Wednesday 18th April 2018
I’m working with the OpenAthens team on number of user research projects to gain in depth understanding of the user behaviour and needs. During the research it became evident that university librarians in the UK aspire to be user centric but are often overloaded by reactive trouble shooting to empathise with students.
So here it is. A quick and easy way for university librarians to engage with users, learn what really matters to them and how they could improve the library experience to meet the students’ needs.
What is Guerrilla research, anyways?
Guerrilla research is the fastest and most cost efficient way to learn about your users’ behaviour, needs and pain points.
In its most basic form Guerrilla research means you going out in the real world and talking to users.
Universities are really excellent place to conduct user research. The university campus is big and buzzing with people to talk to. Check my previous write up on research in university for more tips on what works and what doesn’t.
The benefits of Guerrilla research
There are many reasons why this is my favourite way to validate creative ideas:
So without further ado, this is my recipe for a Do It Yourself Guerrilla research for university librarians:
There is an endless list of things you may want to ask your users so choosing a topic may be more difficult than you think. This are just a some ideas to get you started:
The topic you choose will help you define the research location: is it on- or off-campus, is it the library or the café?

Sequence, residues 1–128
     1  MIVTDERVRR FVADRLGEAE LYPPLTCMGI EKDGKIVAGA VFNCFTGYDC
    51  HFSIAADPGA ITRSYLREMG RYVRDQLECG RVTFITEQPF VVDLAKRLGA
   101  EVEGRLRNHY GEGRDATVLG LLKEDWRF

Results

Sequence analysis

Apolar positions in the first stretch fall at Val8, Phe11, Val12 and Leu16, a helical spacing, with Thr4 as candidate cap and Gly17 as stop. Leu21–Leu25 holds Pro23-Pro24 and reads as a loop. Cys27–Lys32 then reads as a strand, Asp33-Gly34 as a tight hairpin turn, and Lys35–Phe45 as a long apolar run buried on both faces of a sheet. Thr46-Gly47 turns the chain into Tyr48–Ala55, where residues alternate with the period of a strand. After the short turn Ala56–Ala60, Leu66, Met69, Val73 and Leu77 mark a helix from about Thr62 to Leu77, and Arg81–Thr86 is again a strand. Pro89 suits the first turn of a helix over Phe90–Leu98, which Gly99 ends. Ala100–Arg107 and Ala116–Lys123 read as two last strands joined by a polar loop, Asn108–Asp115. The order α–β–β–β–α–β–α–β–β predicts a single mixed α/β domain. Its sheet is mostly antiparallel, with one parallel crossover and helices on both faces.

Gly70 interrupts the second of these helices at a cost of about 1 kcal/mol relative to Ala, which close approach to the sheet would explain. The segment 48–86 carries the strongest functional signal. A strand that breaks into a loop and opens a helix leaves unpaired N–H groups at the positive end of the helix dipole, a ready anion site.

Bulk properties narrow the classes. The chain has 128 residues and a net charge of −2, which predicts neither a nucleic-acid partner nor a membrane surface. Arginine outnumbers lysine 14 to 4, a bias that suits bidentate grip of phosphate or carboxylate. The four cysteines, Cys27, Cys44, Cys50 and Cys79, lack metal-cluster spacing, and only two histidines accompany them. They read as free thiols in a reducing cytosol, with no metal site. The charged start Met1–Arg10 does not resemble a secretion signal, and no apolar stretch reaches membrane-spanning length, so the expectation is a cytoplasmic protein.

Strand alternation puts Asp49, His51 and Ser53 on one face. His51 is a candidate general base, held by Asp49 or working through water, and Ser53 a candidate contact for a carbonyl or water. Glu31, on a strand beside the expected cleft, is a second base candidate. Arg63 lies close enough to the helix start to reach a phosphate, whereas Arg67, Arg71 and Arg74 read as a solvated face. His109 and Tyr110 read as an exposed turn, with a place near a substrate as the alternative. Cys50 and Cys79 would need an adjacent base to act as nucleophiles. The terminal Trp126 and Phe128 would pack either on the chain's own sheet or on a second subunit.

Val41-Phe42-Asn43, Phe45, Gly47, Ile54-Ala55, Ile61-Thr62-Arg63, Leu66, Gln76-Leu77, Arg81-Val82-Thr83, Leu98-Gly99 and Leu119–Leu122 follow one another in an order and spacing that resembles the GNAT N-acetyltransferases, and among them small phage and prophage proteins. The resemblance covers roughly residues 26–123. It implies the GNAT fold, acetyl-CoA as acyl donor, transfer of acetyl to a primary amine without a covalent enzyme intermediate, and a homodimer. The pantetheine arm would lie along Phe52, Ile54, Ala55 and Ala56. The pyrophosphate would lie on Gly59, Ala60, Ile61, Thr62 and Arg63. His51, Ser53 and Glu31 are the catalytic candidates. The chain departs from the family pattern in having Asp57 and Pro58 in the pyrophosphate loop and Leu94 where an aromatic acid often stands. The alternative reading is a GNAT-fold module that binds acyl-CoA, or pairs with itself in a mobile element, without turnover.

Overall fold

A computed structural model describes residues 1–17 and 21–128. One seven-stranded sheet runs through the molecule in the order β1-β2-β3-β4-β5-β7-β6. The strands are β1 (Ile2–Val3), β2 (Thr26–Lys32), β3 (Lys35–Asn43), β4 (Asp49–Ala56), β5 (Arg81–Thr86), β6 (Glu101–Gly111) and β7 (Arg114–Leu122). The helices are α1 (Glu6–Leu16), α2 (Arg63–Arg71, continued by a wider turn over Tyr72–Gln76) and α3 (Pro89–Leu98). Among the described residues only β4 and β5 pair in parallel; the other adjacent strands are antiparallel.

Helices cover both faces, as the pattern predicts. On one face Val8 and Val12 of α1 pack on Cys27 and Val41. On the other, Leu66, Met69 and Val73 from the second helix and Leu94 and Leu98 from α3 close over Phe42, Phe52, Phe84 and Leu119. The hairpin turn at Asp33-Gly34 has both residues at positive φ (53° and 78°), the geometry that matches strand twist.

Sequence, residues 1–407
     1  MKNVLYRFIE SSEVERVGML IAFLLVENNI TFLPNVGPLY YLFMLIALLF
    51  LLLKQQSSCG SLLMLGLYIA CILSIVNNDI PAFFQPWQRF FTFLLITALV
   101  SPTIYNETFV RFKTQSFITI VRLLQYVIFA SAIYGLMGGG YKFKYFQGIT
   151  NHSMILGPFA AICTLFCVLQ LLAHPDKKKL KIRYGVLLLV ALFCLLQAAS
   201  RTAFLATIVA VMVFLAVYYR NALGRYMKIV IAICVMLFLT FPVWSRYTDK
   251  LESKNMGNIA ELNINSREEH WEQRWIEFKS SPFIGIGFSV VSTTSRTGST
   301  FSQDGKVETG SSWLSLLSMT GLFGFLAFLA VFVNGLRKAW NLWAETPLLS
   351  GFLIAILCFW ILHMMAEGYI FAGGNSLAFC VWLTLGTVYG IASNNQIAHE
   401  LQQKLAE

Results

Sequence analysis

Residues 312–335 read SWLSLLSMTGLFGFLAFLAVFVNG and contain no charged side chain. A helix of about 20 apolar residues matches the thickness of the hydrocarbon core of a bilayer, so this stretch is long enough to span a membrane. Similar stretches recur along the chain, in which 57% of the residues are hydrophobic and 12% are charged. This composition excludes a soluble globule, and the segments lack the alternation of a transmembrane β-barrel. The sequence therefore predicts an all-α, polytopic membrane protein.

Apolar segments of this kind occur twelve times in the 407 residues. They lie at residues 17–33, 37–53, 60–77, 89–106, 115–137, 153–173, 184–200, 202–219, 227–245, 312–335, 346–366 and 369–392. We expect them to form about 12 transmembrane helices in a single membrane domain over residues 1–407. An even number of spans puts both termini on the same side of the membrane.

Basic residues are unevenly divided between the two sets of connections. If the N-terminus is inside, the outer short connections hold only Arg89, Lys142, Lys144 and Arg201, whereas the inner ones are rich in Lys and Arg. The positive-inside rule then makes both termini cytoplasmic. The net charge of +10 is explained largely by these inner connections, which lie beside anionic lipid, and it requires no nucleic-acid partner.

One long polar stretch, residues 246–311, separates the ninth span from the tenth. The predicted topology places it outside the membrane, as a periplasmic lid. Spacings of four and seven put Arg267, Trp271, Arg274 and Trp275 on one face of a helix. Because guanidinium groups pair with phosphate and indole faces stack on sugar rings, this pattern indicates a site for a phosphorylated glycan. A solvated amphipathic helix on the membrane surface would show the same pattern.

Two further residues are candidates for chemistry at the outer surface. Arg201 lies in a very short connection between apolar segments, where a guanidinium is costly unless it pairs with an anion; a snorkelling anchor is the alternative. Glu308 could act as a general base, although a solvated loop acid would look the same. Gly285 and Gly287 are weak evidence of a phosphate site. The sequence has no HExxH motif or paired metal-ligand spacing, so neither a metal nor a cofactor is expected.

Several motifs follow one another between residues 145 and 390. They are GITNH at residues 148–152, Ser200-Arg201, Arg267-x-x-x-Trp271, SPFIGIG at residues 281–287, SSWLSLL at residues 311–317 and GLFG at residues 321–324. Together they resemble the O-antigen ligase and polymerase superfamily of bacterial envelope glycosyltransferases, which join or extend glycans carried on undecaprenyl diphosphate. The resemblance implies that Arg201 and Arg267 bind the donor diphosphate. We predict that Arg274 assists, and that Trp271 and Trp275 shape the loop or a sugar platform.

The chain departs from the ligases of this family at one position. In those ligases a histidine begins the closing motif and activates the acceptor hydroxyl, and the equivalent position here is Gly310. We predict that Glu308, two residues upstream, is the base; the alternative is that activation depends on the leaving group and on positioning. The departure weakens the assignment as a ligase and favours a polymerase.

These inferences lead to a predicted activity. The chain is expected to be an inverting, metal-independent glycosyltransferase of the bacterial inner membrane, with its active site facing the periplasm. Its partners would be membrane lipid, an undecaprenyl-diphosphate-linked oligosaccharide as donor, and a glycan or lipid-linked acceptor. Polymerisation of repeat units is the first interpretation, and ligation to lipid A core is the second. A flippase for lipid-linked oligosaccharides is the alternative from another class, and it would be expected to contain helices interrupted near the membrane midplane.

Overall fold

Writing the questions down will help you stay focused during the interviews. It makes it easier to pick up trends if all participants answer the same set of questions. You could also ask your participants to make demonstrations, using their own devices and this is the point to plan for that.
Sometimes the simplest of solutions is the hardest to do. But just try it and you will be amazed by the findings. It may be that your users love what you do, would that not be great to know?
And when I say “talk”, I really mean listen to your users. Give them time to talk. Try not to bias the interview by leading the participants too much. Approach the conversation as if you didn’t know anything about the topic.
And keep your mind open for the possibility that you don’t know what the problem is.
What I mean here is try to identify opportunities for meaningful improvements for all your users, don’t get distracted by trying to immediately fix the problem of one individual.
Once you have analysed your findings make sure you share the insight not only with the rest of your team but the wider organisation too. This will help you build your business case for investment in improved user experience.
This blog originally appeared on Medium.
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